The long and tumultuous story of the Galaxy Note7 smartphone finally has a conclusion now that Samsung has released the findings of its investigation into the exploding incidents that led to the device’s recall.
At a press conference on Sunday, the Korean electronics giant produced the details of what exactly went wrong with the smartphone that initially received glowing reviews, but soon was buried in reports of explosion incidents.
Last week, some reports indicated that the findings would reveal problems with irregularly shaped batteries as the cause of the malfunctions and now Samsung’s mobile chief DJ Koh has shed light on the specific cause of the malfunctions.
According to Samsung, problems were found in two different manufacturing situations, both involving different series of batteries.
The first series involved a battery casing that was too small, leading to what Samsung described as an “electrode deflection and incorrect positioning of the negative electrode tip in the upper right corner of the battery.”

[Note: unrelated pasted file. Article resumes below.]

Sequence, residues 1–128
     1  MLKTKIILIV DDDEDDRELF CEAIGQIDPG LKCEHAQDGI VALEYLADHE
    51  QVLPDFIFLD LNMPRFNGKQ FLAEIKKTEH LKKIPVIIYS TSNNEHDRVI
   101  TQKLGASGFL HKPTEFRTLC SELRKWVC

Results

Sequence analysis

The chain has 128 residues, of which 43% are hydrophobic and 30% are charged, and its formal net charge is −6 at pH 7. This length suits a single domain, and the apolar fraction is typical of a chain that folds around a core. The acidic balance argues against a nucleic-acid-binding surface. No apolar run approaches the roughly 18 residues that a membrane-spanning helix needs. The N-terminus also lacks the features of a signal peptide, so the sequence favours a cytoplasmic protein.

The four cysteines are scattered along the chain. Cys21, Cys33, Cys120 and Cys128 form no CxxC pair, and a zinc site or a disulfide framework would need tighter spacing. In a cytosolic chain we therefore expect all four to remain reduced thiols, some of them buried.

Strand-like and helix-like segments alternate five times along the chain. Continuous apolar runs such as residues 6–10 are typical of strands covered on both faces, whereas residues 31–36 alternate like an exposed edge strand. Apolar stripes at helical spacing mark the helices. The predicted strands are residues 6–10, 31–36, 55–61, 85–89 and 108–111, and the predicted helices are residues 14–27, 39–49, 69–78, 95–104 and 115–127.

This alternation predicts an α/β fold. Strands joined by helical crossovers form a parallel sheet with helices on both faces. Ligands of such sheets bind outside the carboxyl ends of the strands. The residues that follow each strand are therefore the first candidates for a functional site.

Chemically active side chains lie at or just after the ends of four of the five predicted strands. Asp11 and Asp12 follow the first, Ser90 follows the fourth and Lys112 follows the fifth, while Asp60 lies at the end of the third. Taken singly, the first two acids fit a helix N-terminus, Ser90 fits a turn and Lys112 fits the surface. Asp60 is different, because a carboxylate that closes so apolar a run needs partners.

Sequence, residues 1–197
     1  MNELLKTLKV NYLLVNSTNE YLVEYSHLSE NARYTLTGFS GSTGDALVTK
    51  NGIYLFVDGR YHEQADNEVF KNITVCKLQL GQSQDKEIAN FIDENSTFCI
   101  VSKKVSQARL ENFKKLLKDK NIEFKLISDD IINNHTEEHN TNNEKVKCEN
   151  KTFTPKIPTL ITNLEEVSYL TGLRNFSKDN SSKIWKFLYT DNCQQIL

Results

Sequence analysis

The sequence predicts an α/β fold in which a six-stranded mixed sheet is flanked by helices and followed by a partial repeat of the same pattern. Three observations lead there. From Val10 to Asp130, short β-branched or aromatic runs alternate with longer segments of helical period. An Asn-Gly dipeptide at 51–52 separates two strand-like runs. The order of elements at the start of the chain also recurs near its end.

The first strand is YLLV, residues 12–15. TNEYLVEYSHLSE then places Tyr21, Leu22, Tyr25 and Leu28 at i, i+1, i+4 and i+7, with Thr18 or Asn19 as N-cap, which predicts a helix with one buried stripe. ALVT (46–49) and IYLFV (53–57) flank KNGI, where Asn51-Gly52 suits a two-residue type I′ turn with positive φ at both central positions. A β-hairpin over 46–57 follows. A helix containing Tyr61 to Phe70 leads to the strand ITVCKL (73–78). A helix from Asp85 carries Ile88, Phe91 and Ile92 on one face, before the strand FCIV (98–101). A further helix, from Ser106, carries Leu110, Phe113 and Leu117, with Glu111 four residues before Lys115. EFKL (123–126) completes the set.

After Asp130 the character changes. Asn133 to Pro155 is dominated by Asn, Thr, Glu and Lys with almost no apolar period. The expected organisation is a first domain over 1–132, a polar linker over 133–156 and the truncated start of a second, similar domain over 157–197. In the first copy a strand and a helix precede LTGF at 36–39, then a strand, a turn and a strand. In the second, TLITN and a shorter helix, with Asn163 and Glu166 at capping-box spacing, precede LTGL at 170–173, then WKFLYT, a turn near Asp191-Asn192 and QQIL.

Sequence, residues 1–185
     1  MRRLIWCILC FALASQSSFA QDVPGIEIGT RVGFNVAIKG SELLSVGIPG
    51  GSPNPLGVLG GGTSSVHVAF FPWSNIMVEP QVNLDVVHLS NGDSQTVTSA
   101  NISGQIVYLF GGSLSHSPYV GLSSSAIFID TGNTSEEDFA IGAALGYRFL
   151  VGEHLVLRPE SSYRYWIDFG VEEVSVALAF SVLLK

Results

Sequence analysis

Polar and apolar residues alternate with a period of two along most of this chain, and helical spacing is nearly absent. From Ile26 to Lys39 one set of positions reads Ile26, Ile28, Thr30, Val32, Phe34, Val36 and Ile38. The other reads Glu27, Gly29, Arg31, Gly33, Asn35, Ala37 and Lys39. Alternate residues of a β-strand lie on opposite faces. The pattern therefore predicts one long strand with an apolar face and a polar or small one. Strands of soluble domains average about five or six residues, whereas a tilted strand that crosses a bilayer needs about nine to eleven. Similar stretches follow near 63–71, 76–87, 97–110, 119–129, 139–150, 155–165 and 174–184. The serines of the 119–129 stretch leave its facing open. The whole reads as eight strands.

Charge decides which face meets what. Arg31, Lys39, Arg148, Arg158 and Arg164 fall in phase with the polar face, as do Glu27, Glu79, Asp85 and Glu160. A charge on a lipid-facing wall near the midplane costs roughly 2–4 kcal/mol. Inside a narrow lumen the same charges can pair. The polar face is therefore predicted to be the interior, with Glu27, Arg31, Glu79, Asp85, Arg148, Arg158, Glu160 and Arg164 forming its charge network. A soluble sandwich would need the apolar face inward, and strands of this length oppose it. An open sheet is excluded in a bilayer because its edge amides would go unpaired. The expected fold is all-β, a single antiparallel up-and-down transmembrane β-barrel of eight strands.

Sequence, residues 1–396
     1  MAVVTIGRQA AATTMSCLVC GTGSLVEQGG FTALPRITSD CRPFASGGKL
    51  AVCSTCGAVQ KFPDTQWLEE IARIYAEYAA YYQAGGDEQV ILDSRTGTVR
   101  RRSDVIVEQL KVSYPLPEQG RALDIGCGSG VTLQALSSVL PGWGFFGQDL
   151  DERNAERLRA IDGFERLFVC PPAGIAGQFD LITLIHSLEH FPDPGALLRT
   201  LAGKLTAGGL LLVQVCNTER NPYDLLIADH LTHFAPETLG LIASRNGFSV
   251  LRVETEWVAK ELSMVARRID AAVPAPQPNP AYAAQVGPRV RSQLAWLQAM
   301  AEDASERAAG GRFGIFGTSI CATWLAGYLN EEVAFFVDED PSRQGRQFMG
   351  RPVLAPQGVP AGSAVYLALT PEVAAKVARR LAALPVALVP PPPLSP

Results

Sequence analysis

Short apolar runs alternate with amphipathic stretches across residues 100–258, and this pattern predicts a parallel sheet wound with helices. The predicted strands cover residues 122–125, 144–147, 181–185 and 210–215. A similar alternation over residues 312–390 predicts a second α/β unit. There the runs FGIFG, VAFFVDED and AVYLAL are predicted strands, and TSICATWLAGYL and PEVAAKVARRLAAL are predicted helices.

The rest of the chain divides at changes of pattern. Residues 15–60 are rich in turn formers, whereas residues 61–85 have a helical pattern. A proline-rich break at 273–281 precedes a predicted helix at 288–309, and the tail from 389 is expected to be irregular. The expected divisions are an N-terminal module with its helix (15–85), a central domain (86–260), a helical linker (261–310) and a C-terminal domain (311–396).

The second problem came about due to what Samsung says was an “abnormal weld spot,” a manufacturing problem that “led to an internal short circuit.” (Missing insulation tape also contributed to problems with the second series of batteries).
The findings come after the company conducted large-scale charge and discharge tests involving 700 engineers 200,000 devices and 30,000 thousand batteries. The investigation covered manufacturing plants in China, Vietnam and South Korea.
Over the course of an hour, Samsung displayed detailed slides and video showing the lengths it went to in order to track down the problem, along the way pointing out other potential issues with manufacturing and quality control.
Along with its own investigation, Samsung also presented several outside parties at its press conference who also were tasked with tracking down issues with the Note7, including executives from consumer electronics safety groups UL, Germany’s TUV Rheinland and Exponent.
And in an effort to further show that the battery explosions have been taken seriously by Samsung, the company also presented testimony regarding its testing efforts from chemistry and engineering professors from the University of Cambridge, UC Berkeley and Stanford University.
In order to address future battery safety issues, Samsung announced new measures to check the quality of batteries as well as the formation of a battery safety advisory group. The new measures will include “a broad range of internal quality and safety processes to further enhance product safety including additional protocols such as the multi-layer safety measures and 8-Point Battery Safety Check.”